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Breast Reconstruction

Breast Reconstruction (following breast cancer)

Breast cancer affects 1 in 9 women in the UK today and is responsible for the greatest number of cancer-related deaths in women worldwide.

Mastectomy, or surgical removal of the breast, is a common therapeutic and prophylactic treatment for breast cancer that can have a strongly negative psychological impact on patients, leaving them feeling demoralized and de-feminised.

Breast reconstruction contributes enormously to alleviating stresses associated with breast cancer surgery. Autologous tissue flaps (particularly the free DIEP or TRAM flaps) now representing the gold-standard for reconstruction.

Reconstruction can be carried out immediately after mastectomy or months to years later.

Immediate breast reconstruction provides benefits over delayed breast reconstruction, in terms of cosmetic outcome, total operating time, patient satisfaction, paucity of peri-operative complications and provision of more significant improvements in patient body image and psychological well-being.

There are a number of different methods used to reconstruct the breast.

Implant base reconstruction involves placing a specially designed tissue expanding implant beneath the muscles at the base of the removed breast. After a few weeks, and once patient have recovered from this first operation, the implant is gradually expanded simply by injecting saline through a port buried beneath the skin in the armpit. This is performed in our clinic and takes a few minutes. We would normally intend to overinflate the new breast to allow it to drop to a natural shape when we take away some saline a few months later.

A second operation is normal required about 6 months after the first to either remove the port or to replace the expander for a breast implant. These come in varying shapes and sizes enabling better scope to achieve an optimal final shape. This type of reconstruction can be performed immediately or delayed but is not used when patients have had radiotherapy.

There are situations where flap-based reconstruction has advantages, primarily as it may reduce complications associated with implants. The Latissmus Dorsi flap involves transferring a segment of back skin attached to a flat triangular shaped muscle to reconstruct a new breast. In patients with small breasts this alone may suffice but, In the majority, additional volume is provided by an implant placed beneath the flap. This is useful in patients who have had radiotherapy.

Recovery from breast reconstruction 

    • 10 – 14 days post operatively; review of wound and removal of dressings (these must be left intact until then);
    • Wear support bra day and night for 2 – 3 weeks post operatively;
    • Wear support bra during day for 6 weeks post operatively;
    • Swelling will gradually resolve 3 – 4 weeks post operatively;
    • 6 weeks post-operatively – return to strenuous activities;
    • Scars will continue to improve for 12 – 18 months.

The DIEP or TRAM flap is completely autologous (patients own tissue). Advances in Plastic Surgery technique allow for the transfer of a block of tissue from the lower abdomen (the same tissue as is normally removed for an abdominoplasty). The tissue is sculpted and shaped into a breast and its blood supply is restored by microsurgically, connecting blood vessels in the chest to those in the flap.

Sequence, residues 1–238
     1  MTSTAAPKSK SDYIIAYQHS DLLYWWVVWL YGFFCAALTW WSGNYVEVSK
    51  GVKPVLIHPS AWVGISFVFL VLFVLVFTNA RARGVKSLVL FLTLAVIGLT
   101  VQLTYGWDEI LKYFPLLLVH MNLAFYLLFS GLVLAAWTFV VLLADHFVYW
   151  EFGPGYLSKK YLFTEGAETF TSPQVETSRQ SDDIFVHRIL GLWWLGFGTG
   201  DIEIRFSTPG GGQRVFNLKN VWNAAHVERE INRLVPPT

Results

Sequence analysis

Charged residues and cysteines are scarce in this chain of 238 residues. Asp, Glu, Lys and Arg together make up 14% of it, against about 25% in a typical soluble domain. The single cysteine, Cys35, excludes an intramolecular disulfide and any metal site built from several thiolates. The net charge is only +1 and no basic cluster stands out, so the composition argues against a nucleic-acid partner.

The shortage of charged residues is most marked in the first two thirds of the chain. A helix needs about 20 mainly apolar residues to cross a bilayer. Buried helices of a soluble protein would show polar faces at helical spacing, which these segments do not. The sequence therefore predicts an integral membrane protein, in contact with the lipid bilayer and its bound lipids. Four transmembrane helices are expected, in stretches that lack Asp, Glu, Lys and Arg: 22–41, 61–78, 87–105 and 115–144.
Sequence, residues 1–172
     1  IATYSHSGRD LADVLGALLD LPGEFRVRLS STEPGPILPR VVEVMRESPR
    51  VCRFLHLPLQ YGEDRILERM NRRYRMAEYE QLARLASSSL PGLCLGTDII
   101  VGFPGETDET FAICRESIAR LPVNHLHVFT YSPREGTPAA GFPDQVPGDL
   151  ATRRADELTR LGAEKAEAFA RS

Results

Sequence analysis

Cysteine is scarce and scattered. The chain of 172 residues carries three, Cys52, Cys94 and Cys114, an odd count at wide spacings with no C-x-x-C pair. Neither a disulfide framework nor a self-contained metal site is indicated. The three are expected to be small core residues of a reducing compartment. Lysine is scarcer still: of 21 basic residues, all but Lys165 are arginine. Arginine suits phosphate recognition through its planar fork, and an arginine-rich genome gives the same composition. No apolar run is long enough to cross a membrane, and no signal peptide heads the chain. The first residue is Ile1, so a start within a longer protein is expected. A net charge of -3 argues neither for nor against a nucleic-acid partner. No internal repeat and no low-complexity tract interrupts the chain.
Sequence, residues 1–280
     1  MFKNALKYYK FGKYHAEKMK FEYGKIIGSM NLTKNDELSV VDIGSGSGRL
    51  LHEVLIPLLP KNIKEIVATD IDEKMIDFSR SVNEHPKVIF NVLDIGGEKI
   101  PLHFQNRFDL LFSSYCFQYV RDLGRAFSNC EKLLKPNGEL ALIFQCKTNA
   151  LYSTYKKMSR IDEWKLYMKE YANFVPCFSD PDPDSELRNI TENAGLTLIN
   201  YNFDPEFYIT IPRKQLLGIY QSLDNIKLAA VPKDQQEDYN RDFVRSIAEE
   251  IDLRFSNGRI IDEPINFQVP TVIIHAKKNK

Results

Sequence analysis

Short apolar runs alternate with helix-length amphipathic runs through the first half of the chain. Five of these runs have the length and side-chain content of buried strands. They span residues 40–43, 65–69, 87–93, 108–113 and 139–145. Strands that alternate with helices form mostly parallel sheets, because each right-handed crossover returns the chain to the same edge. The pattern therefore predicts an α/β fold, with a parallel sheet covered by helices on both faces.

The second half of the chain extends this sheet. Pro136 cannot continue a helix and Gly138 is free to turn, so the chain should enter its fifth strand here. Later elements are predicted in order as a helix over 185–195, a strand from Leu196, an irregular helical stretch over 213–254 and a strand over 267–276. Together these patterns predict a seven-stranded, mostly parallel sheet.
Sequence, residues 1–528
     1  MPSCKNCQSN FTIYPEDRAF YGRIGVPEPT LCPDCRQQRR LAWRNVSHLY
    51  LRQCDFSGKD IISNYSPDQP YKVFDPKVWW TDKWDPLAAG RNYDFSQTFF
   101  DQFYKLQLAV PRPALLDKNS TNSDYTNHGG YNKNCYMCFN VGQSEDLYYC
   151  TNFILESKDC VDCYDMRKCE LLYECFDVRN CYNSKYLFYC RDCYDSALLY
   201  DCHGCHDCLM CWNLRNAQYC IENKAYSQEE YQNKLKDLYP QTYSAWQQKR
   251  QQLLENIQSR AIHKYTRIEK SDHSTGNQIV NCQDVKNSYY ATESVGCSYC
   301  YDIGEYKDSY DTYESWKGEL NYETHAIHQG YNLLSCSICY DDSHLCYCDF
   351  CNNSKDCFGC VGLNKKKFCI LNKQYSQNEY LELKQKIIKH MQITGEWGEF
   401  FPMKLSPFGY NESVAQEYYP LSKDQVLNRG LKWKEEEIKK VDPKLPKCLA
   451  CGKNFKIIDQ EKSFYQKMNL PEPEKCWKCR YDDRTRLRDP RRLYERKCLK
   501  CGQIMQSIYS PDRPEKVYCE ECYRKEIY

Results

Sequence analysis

This requires considerable skill, which Plastic Surgeons acquire through their training.

In our opinion, this is the gold standard procedure, but is however a bid procedure taking between 4 to 6 hours and about 7 days in hospital.

There is a 5% risk of failure and can also weaken the strength of the abdominal muscles.

What you need to know about breast reconstruction 

    • Length of surgery: 90 minutes (expander), 3 hours (LD flap), 4-6 hours (TRAM/DIEP flap)
    • Anaesthetic type: General
    • Hospital stay: 1-2 night (expander), 5-7 days (LD flap), 7-10 days (TRAM/DIEP flap)

Risks of breast reconstruction

    • Scarring
    • Bruising
    • Swelling
    • Delayed healing
    • Seroma (collection of fluid around implant or at flap donor site)
    • Bleeding
    • Infection
    • Asymmetry
    • Adverse scarring
    • Haematoma
    • Rippling of implants
    • Capsular contracture
    • Flap failure (complete or marginal)
    • implant Rupture
    • Umbilical or fat necrosis

A big thank you

"I would just like to say a big thank you, to you Leanne, Mr Fitton and all the nurses that I encountered during my stay in hospital and at my pre/post op appointments. You've all been very lovely and provided an amazing service.’"

Life-changing result

"I just wanted to thank you (and your team) for the life-changing result of my top surgery. This will provide me with the freedom that I’m excited to enjoy, including being able to go swimming and actually staying cool in summer! All jokes aside, you have helped to mark a new chapter in my life, for which I am incredibly grateful… ALL the best."

Absolutely delighted

"I am absolutely delighted with the outcome of the free flap/DIEP reconstruction. The last two years have seen some significant challenges with breast cancer diagnosis, mastectomy (with cannonball) and just getting on with life with anastrazole. However, having a reconstruction which looks and feels like a normal boob has helped hugely to put that well in the past."

What you need to know...


Mastectomy, or surgical removal of the breast, is a common therapeutic and prophylactic treatment for breast cancer.

Stay Required

1-2 nights (expander), 5-7 days (LD flap, 7-10 days (TRAM/DIEP flap).


the procedure takes 90 minutes (expander), 3 hours (LD flap), 4-6 hours (TRAM/DIEP flap).


A general anaesthetic is administered before treatment.